Spurred by a Cyberspace Solarium op-ed, Nate Jones gives an overview of cybersecurity worries in the maritime sector, where there is certainly plenty to worry about. I critique the US government’s December 2020 National Maritime Cybersecurity Strategy, a 36-page tome that, once the intro and summary and appendices and blank pages are subtracted, boils down to eight pages of substance. Luckily, the Atlantic Council has filled the void with its own report on the topic.
Of course, the maritime sector isn’t the only one we should be concerned about. Sultan Meghji points to the deeply troubling state of industrial control security, as illustrated by a “10 out of 10” vulnerability recently identified in a Rockwell Automation ICS system.
Still, sometimes software rot serves a good purpose. Maury Shenk tells us about decay in Russia’s SORM – a site-blocking system that may be buckling under the weight of the Ukraine invasion. Talking about SORM allows me to trash a nothingburger story perpetrated by three New York Times reporters who ought to know better. Adam Satariano, Paul Mozur and Aaron Krolik should be ashamed of themselves for writing a long story suggesting that Nokia did something wrong by selling Russia telecom gear that enables wiretaps. Since the same wiretap features are required by Western governments as a matter of law, Nokia could hardly do anything else. SORM and its abuses were all carried out by Russian companies. I suspect that, after wading through a boatload of leaked documents, these three (three!) reporters just couldn’t admit there was no there.
Nate and I note the emergence of a new set of secondary sanctions targets as Treasury begins listing companies that it sees as part of a sanctions evasion network. We also puzzle over the surprising pushback on proposals to impose sanctions on Kaspersky, if the WSJ is correct, and the reason is fear of cyberattacks if the Russian firm is sanctioned, isn’t that reason enough to sanction them out of Western networks?
Sultan and Maury remind us that regulating cryptocurrency is wildly popular with some, including Sen. Elizabeth Warren and the EU Parliament. Sultan remains skeptical that sweeping regulation is in the cards. He is much more bullish on Apple’s ability to upend the entire fintech field by plunging into financial services with enthusiasm. I point out that it’s almost impossible for a financial services company to maintain a standoffish relationship with government, so Apple may have to change the tune it’s been playing in the US for the last decade.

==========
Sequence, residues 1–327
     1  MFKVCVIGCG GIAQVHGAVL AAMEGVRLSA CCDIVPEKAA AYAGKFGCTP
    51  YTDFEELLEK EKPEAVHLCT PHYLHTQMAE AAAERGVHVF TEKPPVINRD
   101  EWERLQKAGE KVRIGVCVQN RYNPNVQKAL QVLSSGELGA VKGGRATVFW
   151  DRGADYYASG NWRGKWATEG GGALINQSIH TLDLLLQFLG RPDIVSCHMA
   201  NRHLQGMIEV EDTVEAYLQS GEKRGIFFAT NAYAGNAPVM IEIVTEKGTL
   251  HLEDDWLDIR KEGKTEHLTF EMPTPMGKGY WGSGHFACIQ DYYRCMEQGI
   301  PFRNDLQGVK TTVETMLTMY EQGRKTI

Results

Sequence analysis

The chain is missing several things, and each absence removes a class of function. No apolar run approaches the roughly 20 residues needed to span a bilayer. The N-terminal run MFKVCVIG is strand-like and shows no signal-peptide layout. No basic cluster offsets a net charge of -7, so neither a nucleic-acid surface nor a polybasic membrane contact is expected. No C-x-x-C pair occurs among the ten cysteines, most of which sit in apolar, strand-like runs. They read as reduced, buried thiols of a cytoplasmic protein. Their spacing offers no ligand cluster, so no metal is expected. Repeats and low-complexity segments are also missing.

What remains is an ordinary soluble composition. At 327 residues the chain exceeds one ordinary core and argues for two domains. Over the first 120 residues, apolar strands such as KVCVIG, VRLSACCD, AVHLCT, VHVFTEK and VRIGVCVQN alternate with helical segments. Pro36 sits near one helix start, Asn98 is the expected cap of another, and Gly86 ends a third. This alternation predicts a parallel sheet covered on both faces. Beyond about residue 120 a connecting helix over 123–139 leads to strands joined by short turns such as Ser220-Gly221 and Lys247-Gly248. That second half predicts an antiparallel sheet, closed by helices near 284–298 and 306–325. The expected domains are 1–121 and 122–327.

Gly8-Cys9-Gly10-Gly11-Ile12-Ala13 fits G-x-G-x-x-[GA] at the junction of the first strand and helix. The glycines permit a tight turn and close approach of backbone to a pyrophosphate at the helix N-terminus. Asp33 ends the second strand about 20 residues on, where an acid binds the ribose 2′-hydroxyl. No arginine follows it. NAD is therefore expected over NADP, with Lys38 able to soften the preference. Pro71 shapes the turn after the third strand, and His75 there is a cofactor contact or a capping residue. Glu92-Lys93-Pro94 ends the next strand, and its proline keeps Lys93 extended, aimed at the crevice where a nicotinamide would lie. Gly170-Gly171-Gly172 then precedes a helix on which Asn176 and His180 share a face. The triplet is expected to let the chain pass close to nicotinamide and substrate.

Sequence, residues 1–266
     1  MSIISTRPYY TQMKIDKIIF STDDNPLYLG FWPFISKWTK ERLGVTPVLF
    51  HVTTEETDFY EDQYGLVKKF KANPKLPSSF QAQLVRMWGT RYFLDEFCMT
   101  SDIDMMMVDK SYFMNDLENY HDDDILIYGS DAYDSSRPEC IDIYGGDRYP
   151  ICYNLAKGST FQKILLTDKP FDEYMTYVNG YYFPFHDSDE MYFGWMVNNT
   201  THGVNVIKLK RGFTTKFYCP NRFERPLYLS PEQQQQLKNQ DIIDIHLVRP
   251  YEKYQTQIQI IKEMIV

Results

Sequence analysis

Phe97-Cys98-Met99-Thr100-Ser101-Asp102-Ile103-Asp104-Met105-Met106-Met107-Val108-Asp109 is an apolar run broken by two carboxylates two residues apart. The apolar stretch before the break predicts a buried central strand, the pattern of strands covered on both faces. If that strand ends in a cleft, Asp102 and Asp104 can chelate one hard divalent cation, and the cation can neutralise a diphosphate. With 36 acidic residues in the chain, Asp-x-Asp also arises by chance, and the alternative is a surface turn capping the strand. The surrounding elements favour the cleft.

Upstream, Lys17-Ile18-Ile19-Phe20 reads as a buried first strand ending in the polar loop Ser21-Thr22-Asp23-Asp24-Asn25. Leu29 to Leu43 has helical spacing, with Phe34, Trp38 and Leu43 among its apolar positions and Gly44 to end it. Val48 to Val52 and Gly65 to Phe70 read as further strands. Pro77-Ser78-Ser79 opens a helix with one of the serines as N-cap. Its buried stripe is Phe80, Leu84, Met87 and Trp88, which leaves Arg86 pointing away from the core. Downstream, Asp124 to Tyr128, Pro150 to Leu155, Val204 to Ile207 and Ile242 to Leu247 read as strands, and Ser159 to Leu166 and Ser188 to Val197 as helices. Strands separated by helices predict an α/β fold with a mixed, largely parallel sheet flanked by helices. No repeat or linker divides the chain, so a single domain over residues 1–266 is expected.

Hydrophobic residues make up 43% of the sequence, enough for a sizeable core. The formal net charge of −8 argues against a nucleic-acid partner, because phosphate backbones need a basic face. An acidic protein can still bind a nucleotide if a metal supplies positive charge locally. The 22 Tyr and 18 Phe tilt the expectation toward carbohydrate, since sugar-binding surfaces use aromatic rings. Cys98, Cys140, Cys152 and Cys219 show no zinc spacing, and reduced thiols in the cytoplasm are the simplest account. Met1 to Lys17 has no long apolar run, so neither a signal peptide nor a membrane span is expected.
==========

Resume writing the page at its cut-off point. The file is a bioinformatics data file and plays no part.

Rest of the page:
Nate and I plumb some of the complexities of a story Brian Krebs broke about hackers exploiting the system by which online services provide subscriber information to law enforcement in an emergency.
Speaking of Krebs, we dig into Ubiquiti’s defamation suit against him. The gist of the complaint is that Krebs relied on a “whistleblower” who turned out to be the perp, and that Krebs didn’t quickly correct his scoop when that became apparent. My sympathies are with Krebs on this one, at least until Ubiquiti fills in a serious gap in its complaint – the lack of any allegation that the company told Krebs that he’d been misled and asked for a retraction. Without that, it’s hard to say that Krebs was negligent (let alone malicious) in reporting claims by an apparently well-informed insider.
As the episode draws to a close, Maury brings us up to speed on the (still half-formed) UK online harms bill and explains why the UK government was willing to let the subsidiary of a Chinese company buy the UK’s biggest chip foundry. Sultan finds several insights in an excellent CNN story about the Great Conti Leak.
And, finally, I express my qualms about the indictment (for disclosing classified information) of Mark Unkenholz, a highly competent NSA lifer whom I knew while in government. To my mind the prosecutors are going to have to establish that Unkenholz did something very different from the kind of disclosures that were a standard part of his job. You can’t do the kind of commercial outreach he did without encountering tech companies that have no security clearances but plenty of capabilities valued by the intelligence community. You either give the companies’ uncleared execs enough classified information to understand what you need or you get no help. In that milieu, it simply isn’t enough for prosecutors to say, “He gave classified information to someone without a clearance; he should be in jail.”
Download the 401 Episode (mp3)
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